Washijō and Anabara decide to create a training camp at Shiratorizawa for all the promising first years of Miyagi Prefecture. To their surprise, Hinata shows up uninvited and quickly gets taken to the office so they could inform Coach Ukai. As Hinata’s explaining his situation, Washijō takes the phone and explains that he doesn’t mind having an extra ball boy. Coach Ukai and Takeda accept and hang up.
Turning his attention to Hinata, Washijō bluntly remarks that without Kageyama, Hinata isn’t important. If he doesn’t want to be a ball boy, he can just leave. As Washijō walks back into the gym, Hinata runs out and announces loudly that he’ll be the ball boy for the team. An annoyed Washijō glares at the middle blocker as he had been expecting Hinata to simply give up and go home.
Washijō then introduces the program to the players and tells them to make full use of this opportunity to learn from one another. Practice then begins, but Washijō appears to be more focused on Hinata, yelling at him more than the players.
That evening, Anabara comments to Washijō about Hinata practicing by himself even after everyone has left the gym. Washijō reveals that he can’t dislike someone who would push himself past his limits like that but even if Hinata shows real skill during this camp, the coach still wouldn’t let him into practice.
The camp goes well and Hinata somehow appears to be improving, which Washijō notices, but refuses to acknowledge. He continuously goes out of his way to remind Hinata that he wasn’t invited, though the players and Shiratorizawa third years are starting to pick up on his hostility.
The week soon ends and the players go home. Washijō goes out to eat with Anabara and another person and discusses the camp with them. When Anabara remarks that Hinata seemed to have performed better than the players, Washijō adds that, like him, Hinata’s attribute is his hunger to succeed and overcome the obstacle of his lack of height, shocking the coaches as this is the first time they’d heard Washijō somewhat complimenting Hinata.
It’s unknown what Washijō’s condition is like now, but he was a strong volleyball player in the past. He claimed to be good at receiving and jumps, but it was later revealed that he worked hard on this area due to the fact that he was rather short, and felt he had to make up for it somehow. His coaching philosophy is to draft tall and powerful players, even when they have very little game sense, and likes to harness individual strength.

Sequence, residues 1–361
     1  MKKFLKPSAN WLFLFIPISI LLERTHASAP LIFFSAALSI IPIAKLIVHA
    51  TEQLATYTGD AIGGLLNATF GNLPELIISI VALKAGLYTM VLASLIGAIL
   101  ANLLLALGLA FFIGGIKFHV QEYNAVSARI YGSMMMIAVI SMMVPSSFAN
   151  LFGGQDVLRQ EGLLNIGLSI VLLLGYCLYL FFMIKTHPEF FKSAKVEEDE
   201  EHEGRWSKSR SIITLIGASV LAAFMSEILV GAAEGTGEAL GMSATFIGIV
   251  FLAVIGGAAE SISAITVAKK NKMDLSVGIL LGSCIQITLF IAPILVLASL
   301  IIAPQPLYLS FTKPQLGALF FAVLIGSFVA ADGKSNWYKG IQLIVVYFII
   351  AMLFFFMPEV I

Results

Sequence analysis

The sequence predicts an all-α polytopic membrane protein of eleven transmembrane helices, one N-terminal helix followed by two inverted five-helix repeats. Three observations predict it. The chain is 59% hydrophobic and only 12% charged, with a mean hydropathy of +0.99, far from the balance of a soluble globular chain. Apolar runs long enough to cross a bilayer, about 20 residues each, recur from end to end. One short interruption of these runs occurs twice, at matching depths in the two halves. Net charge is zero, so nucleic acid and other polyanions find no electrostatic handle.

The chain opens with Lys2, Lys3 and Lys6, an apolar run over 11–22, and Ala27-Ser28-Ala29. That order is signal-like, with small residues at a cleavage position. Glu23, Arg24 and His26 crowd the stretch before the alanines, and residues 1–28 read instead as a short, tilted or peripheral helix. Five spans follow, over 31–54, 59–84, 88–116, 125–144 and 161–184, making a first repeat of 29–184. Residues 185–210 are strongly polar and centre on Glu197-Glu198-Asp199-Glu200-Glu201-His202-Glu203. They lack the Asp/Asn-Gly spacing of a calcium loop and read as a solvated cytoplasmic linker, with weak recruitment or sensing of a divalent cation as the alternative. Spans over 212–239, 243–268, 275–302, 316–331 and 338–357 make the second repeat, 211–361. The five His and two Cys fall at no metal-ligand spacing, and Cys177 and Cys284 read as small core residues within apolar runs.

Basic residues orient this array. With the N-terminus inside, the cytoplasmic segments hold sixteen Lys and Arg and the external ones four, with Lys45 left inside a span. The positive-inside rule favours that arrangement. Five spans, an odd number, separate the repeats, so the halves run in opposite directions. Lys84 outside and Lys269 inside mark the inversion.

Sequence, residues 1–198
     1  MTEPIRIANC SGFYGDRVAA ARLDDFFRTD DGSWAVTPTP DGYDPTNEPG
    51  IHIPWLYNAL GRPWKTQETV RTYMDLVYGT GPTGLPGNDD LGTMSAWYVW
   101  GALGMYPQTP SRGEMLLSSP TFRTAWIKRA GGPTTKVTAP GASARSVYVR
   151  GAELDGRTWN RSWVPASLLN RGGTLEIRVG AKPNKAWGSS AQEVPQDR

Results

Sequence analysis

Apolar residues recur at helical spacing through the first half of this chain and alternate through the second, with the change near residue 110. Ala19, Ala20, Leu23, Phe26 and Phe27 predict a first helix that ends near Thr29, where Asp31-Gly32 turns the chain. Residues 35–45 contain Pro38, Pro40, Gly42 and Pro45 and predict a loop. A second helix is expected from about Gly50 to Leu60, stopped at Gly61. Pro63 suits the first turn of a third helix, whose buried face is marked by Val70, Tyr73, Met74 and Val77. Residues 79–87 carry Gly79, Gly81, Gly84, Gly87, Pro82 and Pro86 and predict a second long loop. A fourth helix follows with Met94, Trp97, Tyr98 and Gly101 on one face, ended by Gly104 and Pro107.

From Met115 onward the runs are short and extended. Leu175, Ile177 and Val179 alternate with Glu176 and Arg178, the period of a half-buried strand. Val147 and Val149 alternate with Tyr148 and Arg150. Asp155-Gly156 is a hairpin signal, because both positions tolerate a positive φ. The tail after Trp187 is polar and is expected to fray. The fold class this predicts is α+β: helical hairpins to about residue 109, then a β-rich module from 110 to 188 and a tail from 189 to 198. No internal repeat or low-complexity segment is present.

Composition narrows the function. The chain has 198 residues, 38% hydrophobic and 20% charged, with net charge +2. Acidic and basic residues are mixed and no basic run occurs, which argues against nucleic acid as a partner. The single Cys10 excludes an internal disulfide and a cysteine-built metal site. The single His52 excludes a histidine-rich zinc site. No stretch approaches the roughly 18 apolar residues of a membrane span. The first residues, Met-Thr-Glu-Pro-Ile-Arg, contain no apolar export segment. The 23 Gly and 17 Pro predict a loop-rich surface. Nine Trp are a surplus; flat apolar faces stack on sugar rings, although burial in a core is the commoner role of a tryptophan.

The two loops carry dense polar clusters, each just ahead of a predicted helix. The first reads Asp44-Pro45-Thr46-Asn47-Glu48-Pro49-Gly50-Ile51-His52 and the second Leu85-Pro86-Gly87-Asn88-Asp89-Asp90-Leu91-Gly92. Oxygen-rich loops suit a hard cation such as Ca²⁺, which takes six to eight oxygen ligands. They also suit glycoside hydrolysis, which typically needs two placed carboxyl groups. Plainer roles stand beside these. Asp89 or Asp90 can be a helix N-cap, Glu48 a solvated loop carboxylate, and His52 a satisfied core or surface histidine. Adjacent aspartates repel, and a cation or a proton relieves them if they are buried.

Washijō’s feared by his players for his brutal practices and strict coaching but at the same time, they hold a lot of respect for him. He is confident in his team’s abilities, even when it lost to Karasuno. Tendō especially respects the coach due to Washijō’s method of choosing players based on their abilities, regardless of their backgrounds. Washijō encourages his blocking style, reminding him during the Karasuno match that it was okay to be wrong sometimes.
He is seen to be yelling at Goshiki when he doesn't receive properly.
Back when Karasuno was strong and had Coach Ukai, it fought against Shiratorizawa. The two coaches disliked each other based on their methods of playing. While Washijō prefers relying on strong players, specifically the ace, Ukai used various, new techniques that often involved the entire team.
Hinata reminds Washijō of his past self because of his lack of height and determination to succeed. However, Washijō disliked the first year because of this and continuously thought to himself that Hinata won’t get far with those traits. However, after Karasuno won, he seemed to gain more respect for the middle blocker. Even so, Washijō refused to let Hinata participate in his camp, claiming that without Kageyama, Hinata was useless. Despite this, Washijō respects Hinata's determination to improve and seemed to focus much more on Hinata than the invited players, showing that he does hold an interest in the first year's skills.
- Current Concern: It seems to him that there are now fewer students who are independent.
- "The high school volleyball team would replace the old generation every year. What we could do is extremely limited. Polishing the 'finest material' to its best state is the most efficient way." (Chapter 158)
- "Simplicity is your best strength." (To his team, Chapter 165)
- "Do I want to find a way that short people can fight as well? No, I just wanted to find that kind of overwhelmingly powerful strength." (Chapter 183)